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Conducting Effective Classroom Observations Successful peer review programs which include classroom visits share a number of features. These programs work best when faculty members: Use a team or partner approach, in which faculty pair up or work in small groups to visit one another's classes. Conduct visits as part of a consultation process that involves a pre-visit conference to discuss goals for the class, and a post-visit debriefing to discuss what happened. Combine classroom observation with other strategies that enrich the picture such as interviewing students, reviewing materials, and examining student work. Are self-conscious about the learning that can occur for the observer as well as the observed. Let the students know what is happening, and why. Are purposeful about who might best visit whom. Depending on their questions and purposes, they may want to pair up with someone from the same field who can comment on content; alternatively, if they are experimenting with a new teaching strategy, they might want to find a colleague who has extensive experience with that strategy. Keep track of how classroom observation is working, so they can learn from the process and improve it. Hutchings, 1996. can help you focus on those aspects of your teaching that influence its effectiveness (Davis, 1993). How can you analyze your classroom interactions with students? As you watch the tape, try the technique of stopping every five seconds and putting a check in the following columns: teacher talk, student talk, silence. Or look at your lecture in terms of organization and preparation: Did I give the purpose of the session? Emphasize or restate the most important ideas? Make smooth transitions from one topic to another? Summarize the main points? Include neither too much nor too little material in a class period? Seem at ease with the material? Begin and end class promptly? Peer Evaluation of Your Teaching Peer review of one's research results is standard practice in all fields of science, but only recently has this become a mechanism for advancing one's teaching knowledge and skills. The American Association for Higher Education has shown leadership in this area through its "Peer Review of Teaching" project (Hutchings, 1996). Although conceived as an effort to improve the quality of evidence about teaching in faculty tenure and promotion decisions, the project puts greater emphasis on faculty collaboration to improve teaching throughout their careers. Reciprocal classroom visits, mentoring programs for new faculty, team teaching, and departmental seminars about teaching and learning are but a few of the ways that faculty members work with colleagues to improve undergraduate education. Students' Evaluation of Your Teaching The most common way to evaluate a course and a faculty member's teaching is to use a student rating form at the end of the term. These forms often are used by faculty committees and administrators to make personnel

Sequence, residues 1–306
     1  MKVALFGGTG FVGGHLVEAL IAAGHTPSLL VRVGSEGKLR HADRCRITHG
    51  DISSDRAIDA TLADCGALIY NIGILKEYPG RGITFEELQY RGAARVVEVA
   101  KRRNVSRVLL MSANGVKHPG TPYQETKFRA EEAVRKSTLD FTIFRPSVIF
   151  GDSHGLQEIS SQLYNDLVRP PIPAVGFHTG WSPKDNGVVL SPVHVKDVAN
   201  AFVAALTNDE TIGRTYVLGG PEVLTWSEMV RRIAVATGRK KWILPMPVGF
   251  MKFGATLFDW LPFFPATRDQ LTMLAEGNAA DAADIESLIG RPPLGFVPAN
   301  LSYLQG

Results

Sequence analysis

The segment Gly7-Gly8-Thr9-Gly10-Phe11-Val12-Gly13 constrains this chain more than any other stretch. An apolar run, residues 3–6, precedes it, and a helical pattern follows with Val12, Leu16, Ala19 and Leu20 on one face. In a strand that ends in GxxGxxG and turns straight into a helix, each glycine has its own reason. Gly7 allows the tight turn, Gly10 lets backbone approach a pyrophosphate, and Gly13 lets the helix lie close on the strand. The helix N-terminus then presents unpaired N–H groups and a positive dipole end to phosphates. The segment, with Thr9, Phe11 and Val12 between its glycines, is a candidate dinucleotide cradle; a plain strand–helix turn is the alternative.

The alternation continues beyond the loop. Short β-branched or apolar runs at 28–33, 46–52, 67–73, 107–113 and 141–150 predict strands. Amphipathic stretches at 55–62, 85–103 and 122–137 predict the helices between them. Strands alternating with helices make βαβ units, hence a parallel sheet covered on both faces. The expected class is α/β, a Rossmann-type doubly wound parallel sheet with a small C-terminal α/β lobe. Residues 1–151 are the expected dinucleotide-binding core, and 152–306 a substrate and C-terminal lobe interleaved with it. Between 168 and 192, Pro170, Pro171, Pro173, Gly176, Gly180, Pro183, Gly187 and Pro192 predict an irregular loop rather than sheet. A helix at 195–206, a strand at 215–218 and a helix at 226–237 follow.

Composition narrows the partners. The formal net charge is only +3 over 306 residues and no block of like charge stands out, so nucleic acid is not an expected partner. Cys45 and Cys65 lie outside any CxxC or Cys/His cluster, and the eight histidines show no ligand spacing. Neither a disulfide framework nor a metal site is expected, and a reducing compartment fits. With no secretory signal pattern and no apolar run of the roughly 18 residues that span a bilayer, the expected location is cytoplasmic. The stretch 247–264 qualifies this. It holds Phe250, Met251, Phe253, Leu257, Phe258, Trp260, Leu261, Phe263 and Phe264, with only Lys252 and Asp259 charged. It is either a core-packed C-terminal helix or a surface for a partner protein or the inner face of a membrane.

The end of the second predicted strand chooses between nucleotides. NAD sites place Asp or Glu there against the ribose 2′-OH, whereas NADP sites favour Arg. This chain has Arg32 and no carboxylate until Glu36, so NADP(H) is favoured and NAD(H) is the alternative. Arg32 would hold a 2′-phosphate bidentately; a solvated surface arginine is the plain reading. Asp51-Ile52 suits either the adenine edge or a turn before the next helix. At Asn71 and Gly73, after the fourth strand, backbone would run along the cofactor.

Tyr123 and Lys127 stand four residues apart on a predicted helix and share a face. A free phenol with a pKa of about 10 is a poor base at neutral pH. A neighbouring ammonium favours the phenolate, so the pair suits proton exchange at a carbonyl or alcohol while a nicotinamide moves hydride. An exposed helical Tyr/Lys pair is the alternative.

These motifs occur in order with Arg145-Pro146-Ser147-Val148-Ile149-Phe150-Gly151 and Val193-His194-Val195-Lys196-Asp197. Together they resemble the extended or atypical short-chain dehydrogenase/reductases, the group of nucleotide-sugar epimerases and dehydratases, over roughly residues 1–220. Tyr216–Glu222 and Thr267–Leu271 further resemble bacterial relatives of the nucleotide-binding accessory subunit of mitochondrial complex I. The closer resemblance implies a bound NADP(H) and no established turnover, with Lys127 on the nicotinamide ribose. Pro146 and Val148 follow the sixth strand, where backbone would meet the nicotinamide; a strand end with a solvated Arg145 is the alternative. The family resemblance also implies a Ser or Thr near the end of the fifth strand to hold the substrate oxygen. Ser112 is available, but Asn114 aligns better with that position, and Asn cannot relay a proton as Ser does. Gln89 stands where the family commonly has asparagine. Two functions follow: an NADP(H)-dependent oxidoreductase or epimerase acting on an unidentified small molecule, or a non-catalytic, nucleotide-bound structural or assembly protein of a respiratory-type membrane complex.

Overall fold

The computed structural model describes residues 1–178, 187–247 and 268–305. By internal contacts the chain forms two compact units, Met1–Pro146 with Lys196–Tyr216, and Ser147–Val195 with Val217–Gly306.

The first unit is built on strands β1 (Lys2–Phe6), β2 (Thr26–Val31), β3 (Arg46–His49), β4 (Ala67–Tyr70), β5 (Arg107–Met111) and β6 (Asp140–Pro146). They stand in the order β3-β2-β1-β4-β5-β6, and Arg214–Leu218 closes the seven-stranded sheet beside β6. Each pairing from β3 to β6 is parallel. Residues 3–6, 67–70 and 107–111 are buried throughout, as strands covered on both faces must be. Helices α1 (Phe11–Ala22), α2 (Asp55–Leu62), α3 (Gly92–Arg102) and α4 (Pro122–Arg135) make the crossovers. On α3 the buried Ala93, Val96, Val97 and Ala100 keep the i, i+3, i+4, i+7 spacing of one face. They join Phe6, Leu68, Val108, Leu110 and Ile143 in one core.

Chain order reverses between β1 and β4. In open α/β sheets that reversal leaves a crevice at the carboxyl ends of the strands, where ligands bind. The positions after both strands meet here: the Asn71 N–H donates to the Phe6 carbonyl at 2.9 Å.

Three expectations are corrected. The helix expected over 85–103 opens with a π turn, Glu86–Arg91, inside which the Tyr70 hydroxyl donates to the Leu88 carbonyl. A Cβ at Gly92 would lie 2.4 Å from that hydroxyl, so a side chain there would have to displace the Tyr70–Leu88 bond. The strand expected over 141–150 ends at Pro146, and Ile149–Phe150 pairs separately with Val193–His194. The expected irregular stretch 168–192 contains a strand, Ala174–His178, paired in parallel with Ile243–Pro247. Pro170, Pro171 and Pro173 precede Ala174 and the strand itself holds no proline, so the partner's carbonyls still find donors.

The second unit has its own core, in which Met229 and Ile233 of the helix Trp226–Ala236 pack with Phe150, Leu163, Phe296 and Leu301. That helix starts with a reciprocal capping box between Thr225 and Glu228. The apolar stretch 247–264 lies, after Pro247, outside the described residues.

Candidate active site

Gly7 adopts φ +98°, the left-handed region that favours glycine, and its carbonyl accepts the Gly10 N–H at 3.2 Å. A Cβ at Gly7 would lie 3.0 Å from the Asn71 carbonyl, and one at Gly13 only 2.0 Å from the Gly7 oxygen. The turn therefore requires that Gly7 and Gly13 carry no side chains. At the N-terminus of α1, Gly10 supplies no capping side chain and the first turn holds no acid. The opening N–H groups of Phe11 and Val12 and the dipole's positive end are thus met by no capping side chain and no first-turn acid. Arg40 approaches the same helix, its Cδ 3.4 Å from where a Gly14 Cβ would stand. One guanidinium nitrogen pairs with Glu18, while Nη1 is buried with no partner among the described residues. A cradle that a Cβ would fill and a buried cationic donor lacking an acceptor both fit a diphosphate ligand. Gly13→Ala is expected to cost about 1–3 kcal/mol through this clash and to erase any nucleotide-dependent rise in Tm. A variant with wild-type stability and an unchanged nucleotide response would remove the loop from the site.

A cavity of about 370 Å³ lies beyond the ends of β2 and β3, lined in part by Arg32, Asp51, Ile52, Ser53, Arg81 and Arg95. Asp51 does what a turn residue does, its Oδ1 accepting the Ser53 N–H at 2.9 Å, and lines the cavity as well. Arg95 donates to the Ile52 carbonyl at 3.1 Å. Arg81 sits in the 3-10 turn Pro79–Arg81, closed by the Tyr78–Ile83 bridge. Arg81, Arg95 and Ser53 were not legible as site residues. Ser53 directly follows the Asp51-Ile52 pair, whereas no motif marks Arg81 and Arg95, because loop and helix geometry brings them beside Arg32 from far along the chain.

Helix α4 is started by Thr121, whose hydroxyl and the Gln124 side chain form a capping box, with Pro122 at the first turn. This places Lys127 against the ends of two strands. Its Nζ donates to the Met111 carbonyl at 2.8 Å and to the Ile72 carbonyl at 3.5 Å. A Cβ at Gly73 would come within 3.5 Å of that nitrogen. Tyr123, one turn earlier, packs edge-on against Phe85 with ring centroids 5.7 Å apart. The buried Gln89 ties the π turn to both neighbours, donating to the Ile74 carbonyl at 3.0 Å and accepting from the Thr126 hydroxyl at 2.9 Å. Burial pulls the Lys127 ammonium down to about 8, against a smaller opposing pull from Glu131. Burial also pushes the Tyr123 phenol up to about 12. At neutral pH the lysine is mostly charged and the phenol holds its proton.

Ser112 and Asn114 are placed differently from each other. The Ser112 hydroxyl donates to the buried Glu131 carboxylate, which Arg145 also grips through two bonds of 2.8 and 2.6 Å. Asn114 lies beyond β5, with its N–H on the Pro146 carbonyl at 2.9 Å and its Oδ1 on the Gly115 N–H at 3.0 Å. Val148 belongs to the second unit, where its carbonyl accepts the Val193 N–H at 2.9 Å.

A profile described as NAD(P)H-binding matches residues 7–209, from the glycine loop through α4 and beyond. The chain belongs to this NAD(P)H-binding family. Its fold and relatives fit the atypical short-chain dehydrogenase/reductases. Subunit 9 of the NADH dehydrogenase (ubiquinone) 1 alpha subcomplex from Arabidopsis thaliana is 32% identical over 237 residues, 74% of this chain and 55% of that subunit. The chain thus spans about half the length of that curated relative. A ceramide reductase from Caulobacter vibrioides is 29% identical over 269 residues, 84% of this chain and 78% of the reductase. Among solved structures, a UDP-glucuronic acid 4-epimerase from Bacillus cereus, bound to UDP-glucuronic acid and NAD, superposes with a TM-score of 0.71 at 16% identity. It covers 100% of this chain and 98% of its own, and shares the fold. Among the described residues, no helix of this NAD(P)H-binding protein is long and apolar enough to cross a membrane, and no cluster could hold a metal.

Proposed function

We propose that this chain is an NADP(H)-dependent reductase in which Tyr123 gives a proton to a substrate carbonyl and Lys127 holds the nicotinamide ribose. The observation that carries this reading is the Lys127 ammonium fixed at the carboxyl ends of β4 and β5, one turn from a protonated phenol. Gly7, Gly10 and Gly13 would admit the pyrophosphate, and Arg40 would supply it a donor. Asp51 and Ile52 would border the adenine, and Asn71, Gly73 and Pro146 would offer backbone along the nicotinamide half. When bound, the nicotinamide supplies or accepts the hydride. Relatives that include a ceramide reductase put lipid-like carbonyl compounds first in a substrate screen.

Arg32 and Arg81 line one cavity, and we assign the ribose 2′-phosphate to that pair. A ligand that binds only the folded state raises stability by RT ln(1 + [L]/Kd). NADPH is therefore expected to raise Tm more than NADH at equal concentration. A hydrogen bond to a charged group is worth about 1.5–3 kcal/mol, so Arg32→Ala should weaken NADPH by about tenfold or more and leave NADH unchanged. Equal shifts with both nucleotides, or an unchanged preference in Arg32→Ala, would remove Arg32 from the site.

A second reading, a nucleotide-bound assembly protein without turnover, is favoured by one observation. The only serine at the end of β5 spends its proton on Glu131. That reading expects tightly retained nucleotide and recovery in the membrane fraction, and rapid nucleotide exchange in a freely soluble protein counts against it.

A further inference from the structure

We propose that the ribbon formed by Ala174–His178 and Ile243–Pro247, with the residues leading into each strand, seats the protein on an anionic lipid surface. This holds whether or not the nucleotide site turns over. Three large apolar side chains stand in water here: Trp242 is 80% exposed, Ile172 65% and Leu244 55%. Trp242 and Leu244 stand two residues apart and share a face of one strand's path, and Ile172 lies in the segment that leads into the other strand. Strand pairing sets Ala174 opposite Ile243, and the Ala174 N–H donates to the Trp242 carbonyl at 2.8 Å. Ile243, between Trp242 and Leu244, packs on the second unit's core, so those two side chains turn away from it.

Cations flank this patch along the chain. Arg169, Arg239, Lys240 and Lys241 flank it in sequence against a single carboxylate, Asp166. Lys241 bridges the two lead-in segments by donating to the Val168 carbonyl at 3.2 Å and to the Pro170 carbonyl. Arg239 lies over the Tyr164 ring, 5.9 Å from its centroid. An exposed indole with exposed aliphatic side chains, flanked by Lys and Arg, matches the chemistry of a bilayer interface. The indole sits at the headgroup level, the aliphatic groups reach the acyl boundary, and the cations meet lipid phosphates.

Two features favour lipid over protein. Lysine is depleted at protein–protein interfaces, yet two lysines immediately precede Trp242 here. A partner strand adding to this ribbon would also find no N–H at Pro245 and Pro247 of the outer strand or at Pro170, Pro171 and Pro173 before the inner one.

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decisions about merit increases, promotion, and tenure for faculty. A substantial body of research has concluded that administering questionnaires to students can be both valid and reliable, providing faculty and administrators with a wealth of knowledge about the attitudes, behavior, and values of students (Hinton, 1993). Advice on how to design, administer, and interpret evaluation forms can be found in Cashin (1990), Theall and Franklin (1990), Davis (1993), and Braskamp and Ory (1994). Despite their widespread use, there is no clear consensus on the connection between students' learning and their rating of the instructor. Some studies suggest that student ratings of the instructor's teaching correlate somewhat with student learning (Marsh and Dunkin, 1992). However, Arons (1990) observes that many vacuous courses in science have been developed which students have rated highly, describing them as fun and exciting. Subsequent testing indicated that these students learned very little. This does not suggest that student perspectives are unimportant. However, before distributing the evaluation forms, many instructors tell students the purpose of the forms. When students know how the forms will be used, and are confident that their comments will be taken seriously, faculty are more likely to receive evaluations that can help them improve their teaching and their course.